by lawpoop ( 604919 )
        IIRC, the big discovery about life near ocean vents was that they got their energy from metabolizing the nasty (read, highly reactive) checmicals that spew out of the vents, rather than make energy through photosynthesis, or eating other organisms.
      • So far, no Silicon life found, but that is probably due to the weakness of the Silicon bond. OTH, there are plenty of anarobic life all over the planet. But lake of H2O? Not yet.
      • Re:Water!! (Score:3, Informative)

        by wass ( 72082 )
        I think there may be silicon life on earth near deep ocean vents, but I can't remember

        Close. scientists used to say light was essential for life to develop, but then found life forms in deep ocean vents that had a modified photosynthesis chemistry based on heated sulphur, instead of light, stimulating the construction of sugars.

        I have alot of problems when scientists claim carbon or water is essential for life. What they should claim instead is that carbon or water is essential for life as know it.

      • It's extremely difficult to come up with any other chemisty that could support life that isn't carbon-based. Carbon's ability to create a near infinite variety of different compounds, and in particular complex macromolecular structures, isn't found with any other element or combination of elements. Silicon doesn't come anywhere close.

        Water OTOH might be more open to negotiation. It's difficult to concieve of life without some form of polar solvent cycle, but ammonia might substitute. Slightly more out
    • Re:Water!! (Score:2, Funny)

      by Tribbin ( 565963 )
      Because the creature would scratch itself to death because it can not stand the ache caused by skin dehydration.
    • Re:Water!! (Score:5, Insightful)

      by stratjakt ( 596332 ) on Monday September 20, 2004 @01:58PM (#10299368) Journal
      Noone assumed life can't evolve without water.

      It's just that life as we know it evolved with water.

      The only type of life we could hope to positively detect and identify would be life as we know it.

      It's possible there's life made out of magical moonbeams and fairy farts but unless you've engineered a gizmometer to test for it, it's hopeless.
    • Re:Water!! (Score:5, Informative)

      by jericho4.0 ( 565125 ) on Monday September 20, 2004 @02:05PM (#10299438)
      This page [physics.hku.hk] has a look at some of the reasons why. Basicly, no (known) combonation of a common element, a solvent, and temperature range display the chemical flexibility of H20 + C + (0 - 100 degrees).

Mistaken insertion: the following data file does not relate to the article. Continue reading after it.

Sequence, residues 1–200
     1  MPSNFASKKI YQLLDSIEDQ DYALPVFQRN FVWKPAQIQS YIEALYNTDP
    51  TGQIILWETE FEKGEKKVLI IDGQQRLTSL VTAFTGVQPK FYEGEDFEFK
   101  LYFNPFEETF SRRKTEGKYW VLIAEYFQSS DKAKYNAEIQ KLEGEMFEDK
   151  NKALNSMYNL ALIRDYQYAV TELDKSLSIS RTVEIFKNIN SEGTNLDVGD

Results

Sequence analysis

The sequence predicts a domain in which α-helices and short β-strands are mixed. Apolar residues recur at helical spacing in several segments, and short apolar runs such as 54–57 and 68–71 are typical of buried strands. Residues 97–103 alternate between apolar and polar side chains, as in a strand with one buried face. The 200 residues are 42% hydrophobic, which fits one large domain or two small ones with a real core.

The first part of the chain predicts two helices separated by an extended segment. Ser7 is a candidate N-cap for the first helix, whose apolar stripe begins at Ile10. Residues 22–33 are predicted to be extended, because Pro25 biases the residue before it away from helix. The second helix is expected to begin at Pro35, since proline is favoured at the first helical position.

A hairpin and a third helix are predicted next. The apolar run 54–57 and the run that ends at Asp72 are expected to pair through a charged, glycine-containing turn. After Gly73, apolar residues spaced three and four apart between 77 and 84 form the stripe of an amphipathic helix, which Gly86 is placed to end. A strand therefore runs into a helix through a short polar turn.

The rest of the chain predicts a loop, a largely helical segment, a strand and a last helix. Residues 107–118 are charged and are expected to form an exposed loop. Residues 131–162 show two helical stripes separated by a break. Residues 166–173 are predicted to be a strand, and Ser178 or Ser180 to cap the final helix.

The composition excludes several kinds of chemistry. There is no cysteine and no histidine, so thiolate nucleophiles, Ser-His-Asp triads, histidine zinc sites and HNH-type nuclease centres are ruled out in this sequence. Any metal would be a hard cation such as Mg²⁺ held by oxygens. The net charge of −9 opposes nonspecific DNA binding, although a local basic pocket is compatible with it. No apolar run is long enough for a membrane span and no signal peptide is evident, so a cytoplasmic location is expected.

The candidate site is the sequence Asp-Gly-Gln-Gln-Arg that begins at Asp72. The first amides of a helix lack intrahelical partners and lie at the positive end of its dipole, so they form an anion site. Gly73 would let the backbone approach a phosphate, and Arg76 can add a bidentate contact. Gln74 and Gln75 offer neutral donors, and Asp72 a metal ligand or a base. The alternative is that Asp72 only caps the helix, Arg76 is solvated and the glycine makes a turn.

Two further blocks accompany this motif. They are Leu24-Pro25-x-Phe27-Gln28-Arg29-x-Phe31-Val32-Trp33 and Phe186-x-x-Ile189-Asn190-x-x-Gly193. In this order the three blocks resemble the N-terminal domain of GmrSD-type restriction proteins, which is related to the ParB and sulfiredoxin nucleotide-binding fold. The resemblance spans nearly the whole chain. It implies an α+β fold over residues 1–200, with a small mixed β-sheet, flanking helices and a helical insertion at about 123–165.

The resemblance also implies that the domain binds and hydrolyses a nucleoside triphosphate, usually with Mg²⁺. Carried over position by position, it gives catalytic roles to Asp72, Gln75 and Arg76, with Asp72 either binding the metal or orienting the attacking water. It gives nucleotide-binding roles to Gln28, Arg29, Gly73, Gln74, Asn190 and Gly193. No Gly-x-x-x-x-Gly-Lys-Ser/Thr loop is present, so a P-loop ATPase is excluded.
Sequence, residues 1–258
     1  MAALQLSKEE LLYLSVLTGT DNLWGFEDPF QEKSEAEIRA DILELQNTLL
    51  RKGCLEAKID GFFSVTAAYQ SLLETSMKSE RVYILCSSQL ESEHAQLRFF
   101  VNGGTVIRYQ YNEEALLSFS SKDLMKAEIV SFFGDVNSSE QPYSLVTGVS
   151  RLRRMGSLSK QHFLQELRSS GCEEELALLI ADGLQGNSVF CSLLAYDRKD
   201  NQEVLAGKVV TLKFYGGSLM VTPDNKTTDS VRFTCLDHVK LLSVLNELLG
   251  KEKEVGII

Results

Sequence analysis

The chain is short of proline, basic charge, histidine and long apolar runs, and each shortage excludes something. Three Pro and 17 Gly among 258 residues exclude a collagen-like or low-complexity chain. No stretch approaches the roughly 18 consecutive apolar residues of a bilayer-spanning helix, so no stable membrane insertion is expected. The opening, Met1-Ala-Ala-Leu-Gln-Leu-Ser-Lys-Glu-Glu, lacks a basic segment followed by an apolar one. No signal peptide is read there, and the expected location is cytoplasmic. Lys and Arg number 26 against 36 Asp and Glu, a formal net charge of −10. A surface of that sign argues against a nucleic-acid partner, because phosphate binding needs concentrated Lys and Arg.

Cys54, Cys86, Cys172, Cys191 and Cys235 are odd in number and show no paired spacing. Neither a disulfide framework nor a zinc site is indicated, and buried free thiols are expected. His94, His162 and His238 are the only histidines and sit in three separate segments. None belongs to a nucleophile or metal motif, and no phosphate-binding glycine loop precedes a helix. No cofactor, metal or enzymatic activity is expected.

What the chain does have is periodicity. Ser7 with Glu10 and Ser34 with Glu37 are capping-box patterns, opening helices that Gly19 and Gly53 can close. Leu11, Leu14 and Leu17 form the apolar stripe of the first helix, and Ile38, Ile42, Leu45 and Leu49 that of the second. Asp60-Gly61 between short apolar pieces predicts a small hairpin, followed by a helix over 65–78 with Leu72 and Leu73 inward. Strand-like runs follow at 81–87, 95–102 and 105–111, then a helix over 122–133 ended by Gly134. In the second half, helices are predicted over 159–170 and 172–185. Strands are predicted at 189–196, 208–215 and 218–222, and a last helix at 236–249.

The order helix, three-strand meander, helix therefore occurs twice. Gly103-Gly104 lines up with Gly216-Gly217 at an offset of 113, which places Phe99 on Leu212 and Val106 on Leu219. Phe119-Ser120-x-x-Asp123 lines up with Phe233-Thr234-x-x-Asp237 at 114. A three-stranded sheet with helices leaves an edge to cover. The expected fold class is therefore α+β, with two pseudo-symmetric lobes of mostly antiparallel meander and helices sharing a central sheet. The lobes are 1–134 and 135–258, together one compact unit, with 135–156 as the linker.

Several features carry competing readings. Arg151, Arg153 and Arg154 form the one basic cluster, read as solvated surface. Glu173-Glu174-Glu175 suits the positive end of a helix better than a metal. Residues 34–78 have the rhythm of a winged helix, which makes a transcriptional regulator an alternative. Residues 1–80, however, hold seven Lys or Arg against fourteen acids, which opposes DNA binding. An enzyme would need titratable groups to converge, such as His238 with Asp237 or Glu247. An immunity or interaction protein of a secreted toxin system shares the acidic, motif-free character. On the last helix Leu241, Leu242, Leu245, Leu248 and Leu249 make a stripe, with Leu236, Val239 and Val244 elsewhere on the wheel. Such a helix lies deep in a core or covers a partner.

Of course, life could probably exist in a totally different paradigm, but it's kind of hard to design space probes or experiments to test for the unknown.

      • I had a biology teacher that once speculated that aside from chemical concerns, environments with pools of liquid made up of something that did not float when frozen would present a nearly impossible environment in which to grow, because if the crystals sank, then a pool could end up freezing anything that grew in the bottom of it, rather than providing the insulating environment that ice and other similar floating-when-frozen materials do.
      • Yey Bro. It sure is an interesting chemical. SO interesting in fact that if you go look in a serious university library you'll find a shelf + of books just called "water".

        We don't understand why. Both O and H are pretty common, but H2O is darned weird. So darned weird
        I'd guess we'll *still* be writing books about it
        1000 years from now.

        I like the stuff myself (from a distance). My Cretan
        friend here Manolis loves it and insists on risking his life on a yacht. Personally I'm too damn scared. You can never d
    • Re:Water!! (Score:2, Flamebait)

      by eggstasy ( 458692 )
      If you studied some chemistry and biology you might get a clue.
      Chemistry tells us that carbon and water are very special substances, exhibiting many properties that I am too lazy to bore you with.
      Evolutionary biology tells us that "nature", if you'll excuse the personification, pretty much tries all possibilities at random and selects the ones that work.
      And, like the other guy said, we can only build sensors for things we know very well.
  • Tens of centimeters? (Score:5, Interesting)

    by Nos. ( 179609 ) <andrew.thekerrs@ca> on Monday September 20, 2004 @01:52PM (#10299298) Homepage
    They used the phrases "tens of centimeters" and "tens of degrees celsius". I really hate these terms, especially in what should be a scientific article. This could mean anywhere from 20-100 (or more) which is a pretty broad range. Would it be so difficult to say 20-50 (or whatever the measurements are) which would give a much more accurate picture?
    • "They used the phrases "tens of centimeters" and "tens of degrees celsius"."

      What they've done there is given you the order of magnitude for the measurements. Letting you know that it's in "tens of centimeters" is very accurate since you now know it's not picometers or kilometers. You now know the proper exponent to use in scientific notation.

      <SARCASM SLANT="anti-metrication">
      Of course, now the question is "Why 'tens of centimeters' instead of 'decimeters' and why 'tens of degrees Celcius' instead
  • by Anonymous Coward on Monday September 20, 2004 @01:53PM (#10299307)
    Where the hell do the Martians come from?
  • by physicsphairy ( 720718 ) on Monday September 20, 2004 @01:53PM (#10299316) Homepage
    Put life on mars.
  • afterlife (Score:5, Funny)

    by Doc Ruby ( 173196 ) on Monday September 20, 2004 @01:53PM (#10299318) Homepage Journal
    Vampires don't breathe, and they're teeming beneath the dried-blood surface of Mars. Those telltale methane/water signals must be more residue from the victims from which the iron-rich surface powder was derived, shielding the biters from the rays of the Sun.
  • hrm. (Score:5, Interesting)